Rafael Nadal
Rafael Nadal is seeking a strong end to the year to take into the 2016 Australian Open. Getty Images

Rafael Nadal returns to action this week in Beijing looking to bounce back from his latest Grand Slam disappointment and take a step toward confirming his place at November’s ATP World Tour Finals. Other than a routine Davis Cup victory with Spain over lowly Denmark last month, when Nadal steps on the court in the Chinese capital it will be his first outing since being stunned in the third round of the U.S. Open by Fabio Fognini.

The loss from two-sets up completed a year to forget in tennis’ Majors for the Spaniard. Indeed, it will be the first time since he landed his first French Open as a 19-year-old in 2005 that Nadal will go through a season without landing a Grand Slam title. And he didn’t even come close to doing so, with his best results being quarterfinal exits at the Australian and French Opens.

Instead, his focus must now be on salvaging something from his 2015 at the showpiece year-ending event in London. First, though, he needs to make sure he gets there.

The top eight ranked players for the year will make it to the Tour Finals, with Nadal currently lying in seventh place. The good news is that the 29-year-old has a sizable cushion to those below the line. In fact, he is much closer to fifth-placed Tomas Berdych -- 385 points difference -- than he is to ninth-placed Richard Gasquet, currently 1360 points behind him.

Any of the gaggle of players bundled closely below the cutoff line will have to put together a stunning run of results in the final weeks of the season to challenge Nadal. But the man from Mallorca will want to put his qualification in his own hands, which he can start doing at this week’s China Open, where 500 ranking points will be at stake. Before the end of the year, Nadal is also scheduled to take part in ATP Masters 1000 events in Shanghai and Paris, as well as another 500-point tournament in Basel.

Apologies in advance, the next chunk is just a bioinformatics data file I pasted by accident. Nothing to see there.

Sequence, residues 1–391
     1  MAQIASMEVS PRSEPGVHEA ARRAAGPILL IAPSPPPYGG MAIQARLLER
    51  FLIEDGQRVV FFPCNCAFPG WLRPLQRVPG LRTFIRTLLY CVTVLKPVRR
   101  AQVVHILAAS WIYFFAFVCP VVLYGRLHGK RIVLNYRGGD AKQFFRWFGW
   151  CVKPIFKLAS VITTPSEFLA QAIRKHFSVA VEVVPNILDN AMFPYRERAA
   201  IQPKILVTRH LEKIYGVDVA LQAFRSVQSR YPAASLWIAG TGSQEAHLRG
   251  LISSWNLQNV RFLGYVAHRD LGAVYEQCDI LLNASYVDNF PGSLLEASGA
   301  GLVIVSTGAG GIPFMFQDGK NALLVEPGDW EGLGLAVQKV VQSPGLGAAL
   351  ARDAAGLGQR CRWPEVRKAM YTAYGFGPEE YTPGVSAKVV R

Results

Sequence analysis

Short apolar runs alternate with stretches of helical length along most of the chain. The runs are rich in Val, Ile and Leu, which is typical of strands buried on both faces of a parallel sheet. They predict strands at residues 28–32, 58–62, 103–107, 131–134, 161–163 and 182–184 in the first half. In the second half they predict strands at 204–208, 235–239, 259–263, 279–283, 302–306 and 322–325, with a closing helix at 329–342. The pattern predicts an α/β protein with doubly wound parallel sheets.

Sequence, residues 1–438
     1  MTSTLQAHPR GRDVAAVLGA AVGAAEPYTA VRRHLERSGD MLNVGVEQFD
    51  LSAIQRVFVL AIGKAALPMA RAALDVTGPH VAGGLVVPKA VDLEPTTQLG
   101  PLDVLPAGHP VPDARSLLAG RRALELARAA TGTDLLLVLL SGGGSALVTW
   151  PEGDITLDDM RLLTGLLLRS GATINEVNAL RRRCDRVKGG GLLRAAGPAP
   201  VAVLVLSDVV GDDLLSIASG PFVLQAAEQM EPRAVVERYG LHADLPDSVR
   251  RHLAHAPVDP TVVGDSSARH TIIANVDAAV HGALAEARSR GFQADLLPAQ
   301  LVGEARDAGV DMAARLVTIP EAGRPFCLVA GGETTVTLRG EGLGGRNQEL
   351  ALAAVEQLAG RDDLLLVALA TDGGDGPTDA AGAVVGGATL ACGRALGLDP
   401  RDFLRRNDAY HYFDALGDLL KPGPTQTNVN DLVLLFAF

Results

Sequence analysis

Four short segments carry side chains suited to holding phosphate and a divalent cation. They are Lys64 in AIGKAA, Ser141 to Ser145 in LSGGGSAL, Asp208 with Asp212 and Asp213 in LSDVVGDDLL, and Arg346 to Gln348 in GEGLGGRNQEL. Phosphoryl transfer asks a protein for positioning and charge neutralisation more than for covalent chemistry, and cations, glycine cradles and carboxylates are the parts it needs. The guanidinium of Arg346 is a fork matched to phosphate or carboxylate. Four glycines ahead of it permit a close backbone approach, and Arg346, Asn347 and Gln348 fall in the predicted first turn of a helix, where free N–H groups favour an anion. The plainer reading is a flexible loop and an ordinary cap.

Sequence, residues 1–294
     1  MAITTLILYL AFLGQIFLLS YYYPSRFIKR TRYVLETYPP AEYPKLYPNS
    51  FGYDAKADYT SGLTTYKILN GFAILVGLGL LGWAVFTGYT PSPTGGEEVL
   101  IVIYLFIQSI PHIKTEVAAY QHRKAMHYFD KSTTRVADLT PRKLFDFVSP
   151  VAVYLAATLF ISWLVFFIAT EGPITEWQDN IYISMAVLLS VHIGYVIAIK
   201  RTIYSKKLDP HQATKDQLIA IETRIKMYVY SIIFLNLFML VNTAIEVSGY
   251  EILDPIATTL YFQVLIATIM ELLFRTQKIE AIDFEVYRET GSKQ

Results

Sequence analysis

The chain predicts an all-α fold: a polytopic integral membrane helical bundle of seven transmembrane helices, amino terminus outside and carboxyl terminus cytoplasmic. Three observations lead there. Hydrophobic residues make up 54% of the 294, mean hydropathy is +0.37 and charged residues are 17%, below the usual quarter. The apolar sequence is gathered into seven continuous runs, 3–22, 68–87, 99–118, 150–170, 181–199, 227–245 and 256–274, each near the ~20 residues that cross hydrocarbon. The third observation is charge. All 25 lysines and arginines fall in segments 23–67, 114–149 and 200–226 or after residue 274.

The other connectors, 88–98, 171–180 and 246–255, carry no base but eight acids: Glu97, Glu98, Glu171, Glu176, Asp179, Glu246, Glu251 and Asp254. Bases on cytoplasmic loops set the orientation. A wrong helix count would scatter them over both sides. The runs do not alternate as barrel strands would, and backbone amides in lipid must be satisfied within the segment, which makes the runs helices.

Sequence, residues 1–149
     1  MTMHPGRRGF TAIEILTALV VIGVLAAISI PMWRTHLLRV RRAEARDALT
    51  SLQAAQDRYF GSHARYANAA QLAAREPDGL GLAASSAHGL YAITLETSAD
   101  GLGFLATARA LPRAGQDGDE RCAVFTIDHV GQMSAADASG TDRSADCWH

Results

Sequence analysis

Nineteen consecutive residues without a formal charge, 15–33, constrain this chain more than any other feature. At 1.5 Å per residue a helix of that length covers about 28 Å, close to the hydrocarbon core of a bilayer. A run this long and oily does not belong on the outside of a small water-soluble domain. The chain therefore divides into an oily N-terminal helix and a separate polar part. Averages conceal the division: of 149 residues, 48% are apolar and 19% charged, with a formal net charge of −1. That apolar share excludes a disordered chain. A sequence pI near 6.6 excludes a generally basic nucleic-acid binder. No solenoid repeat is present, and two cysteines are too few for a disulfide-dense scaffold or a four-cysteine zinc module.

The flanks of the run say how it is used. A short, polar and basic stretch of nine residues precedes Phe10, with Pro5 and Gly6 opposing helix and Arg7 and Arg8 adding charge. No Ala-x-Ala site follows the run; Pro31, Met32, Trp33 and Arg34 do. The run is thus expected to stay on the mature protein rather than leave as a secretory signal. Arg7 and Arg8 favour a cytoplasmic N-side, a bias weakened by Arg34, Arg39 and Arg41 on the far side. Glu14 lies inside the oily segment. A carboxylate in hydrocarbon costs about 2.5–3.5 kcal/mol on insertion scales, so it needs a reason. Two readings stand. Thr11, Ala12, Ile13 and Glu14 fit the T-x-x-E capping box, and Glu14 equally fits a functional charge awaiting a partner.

For Nadal, the remaining schedule brings an opportunity to build momentum ahead of what he is hoping will be a much-improved 2016 season. And, despite the continued poor results, the former world No. 1 believes he is heading firmly in the right direction.

"I was not able to control my emotions on court for a lot of months, so when that happens it's almost impossible to play well, no?" he said in Beijing, reports AFP. “Last couple of months I'm feeling that I recovered that. I don't feel that I am suffering on court as I did the first six, seven months of the season.

“I feel that I am more under control of my emotions on court. So that's a very big advance for me. I am working very hard and I have the motivation to improve my game again. So I try a little bit to play with calm. I believe that sooner or later I will be playing at a very high level again.”

Nadal is the third seed in Beijing, behind Berdych and top-ranked Novak Djokovic. In the opening round, he will take on Chinese wild card Wu Di, ranked 230th in the world.